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New York: A winter (and wallet-friendly) travel survival guide

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NYC snowy streets
Snowy scenes like this can make NYC a challenge to explore in winter. Photo: Roman Kruglov

When it comes to hotel deals in New York, winter is a hard season to beat. And yet winter can be the most expensive time to visit in a number of other ways.

Let me explain: Exploring New York, especially on the cheap, involves a lot of outdoor time—a stroll through Central Park, myriad free summer extravaganzas, gazing up at the Chrysler Building… Even walking briskly among the throngs is an essential New york experience. Of course all of these free activities become difficult, even unbearable, when the temps drop, but you don’t have to shell out all of your hotel savings on taxis and indoor activities. Here are some tips for winter travel in New York.

Getting Around

Like any New Yorker worth my salt, I tend to get around by walking. I walk a lot, often favoring my own two feet over the subway. But I’m also a “winter wimp.” Come the cold, I am far less likely to want to be outside for any length of time, and it becomes much more tempting to take a taxi. But here is the secret: Even if it’s 10 degrees out, you should seldom have to take a taxi!

Winter subways

Even on the coldest days, the subways still run 24/7. Photo: MTA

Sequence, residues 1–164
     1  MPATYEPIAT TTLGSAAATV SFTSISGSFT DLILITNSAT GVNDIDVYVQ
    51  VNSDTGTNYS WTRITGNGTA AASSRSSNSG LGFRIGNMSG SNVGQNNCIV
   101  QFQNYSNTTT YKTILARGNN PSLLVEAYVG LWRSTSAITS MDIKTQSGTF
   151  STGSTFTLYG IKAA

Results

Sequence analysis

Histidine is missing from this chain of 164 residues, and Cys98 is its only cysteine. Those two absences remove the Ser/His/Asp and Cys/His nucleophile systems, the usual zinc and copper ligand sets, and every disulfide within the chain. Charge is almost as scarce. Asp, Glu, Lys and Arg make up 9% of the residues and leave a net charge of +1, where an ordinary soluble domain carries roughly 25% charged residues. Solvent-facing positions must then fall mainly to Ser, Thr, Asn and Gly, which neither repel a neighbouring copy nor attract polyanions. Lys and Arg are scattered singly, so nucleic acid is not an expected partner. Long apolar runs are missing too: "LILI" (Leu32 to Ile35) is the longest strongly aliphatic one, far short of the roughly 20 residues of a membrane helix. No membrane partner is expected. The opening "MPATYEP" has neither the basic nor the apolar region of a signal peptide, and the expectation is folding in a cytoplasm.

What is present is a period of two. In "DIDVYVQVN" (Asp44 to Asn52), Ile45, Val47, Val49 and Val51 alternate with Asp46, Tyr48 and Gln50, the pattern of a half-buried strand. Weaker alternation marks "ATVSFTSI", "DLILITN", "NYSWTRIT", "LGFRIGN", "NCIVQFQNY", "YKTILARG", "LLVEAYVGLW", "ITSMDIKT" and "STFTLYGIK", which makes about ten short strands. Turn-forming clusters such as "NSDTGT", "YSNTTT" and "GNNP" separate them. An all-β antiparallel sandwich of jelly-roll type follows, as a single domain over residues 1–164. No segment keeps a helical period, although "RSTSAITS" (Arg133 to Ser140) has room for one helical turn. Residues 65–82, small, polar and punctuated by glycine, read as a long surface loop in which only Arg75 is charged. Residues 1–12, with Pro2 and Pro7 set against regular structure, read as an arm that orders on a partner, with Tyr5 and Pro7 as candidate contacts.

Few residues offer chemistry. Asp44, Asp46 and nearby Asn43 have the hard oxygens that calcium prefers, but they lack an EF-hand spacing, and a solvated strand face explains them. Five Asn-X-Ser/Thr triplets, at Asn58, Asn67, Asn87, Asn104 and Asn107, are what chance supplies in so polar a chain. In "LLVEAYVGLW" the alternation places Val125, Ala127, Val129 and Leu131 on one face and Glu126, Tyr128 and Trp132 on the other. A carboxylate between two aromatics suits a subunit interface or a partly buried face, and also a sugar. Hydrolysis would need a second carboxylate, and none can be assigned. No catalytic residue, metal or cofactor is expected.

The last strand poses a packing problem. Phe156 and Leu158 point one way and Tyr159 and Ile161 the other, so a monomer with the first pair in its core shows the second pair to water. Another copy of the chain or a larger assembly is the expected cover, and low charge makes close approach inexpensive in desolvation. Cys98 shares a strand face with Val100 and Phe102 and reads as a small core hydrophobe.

New York has one of the best transportation systems in the world, and while cold weather can sometimes affect the way the trains and buses are running, they are still convenient, cheap and often even faster than cabs. Various (free!) apps will help you easily navigate the subways and buses so that you can minimize the time spent waiting outside in the cold. All three of the below apps give real-time data on train and bus schedules (when you’re above ground), but each has other elements for various types of travelers.

For those who need a little extra motivation.  In addition to giving Citymapper tells you how many calories you burn for each route and how much (more) as taxi will cost.

For the navigationally challenged. Transitapp is helpfully color-coded like the trains themselves to make picking the right line easy. The app also shows when the next train or bus is coming and allows you to easily see schedules so that you can map your day.

For the claustrophobic. Moovit is a fun app with a social element. Not only does it give you routes and schedules, but it also records the data of anyone riding with the app open. This gives an idea of how crowded the bus will be, and also helps keep to-the-minute on delays and possible alternative routes.

Winter activities on the cheap

It might be hard to spend a day wandering through Central Park in the cold, but before you shell out for one museum and indoor attraction after another, consider the following tips for indoor activities.

National Museum of the American Indian

The National Museum of the American Indian is always free to visit. Wally Gobetz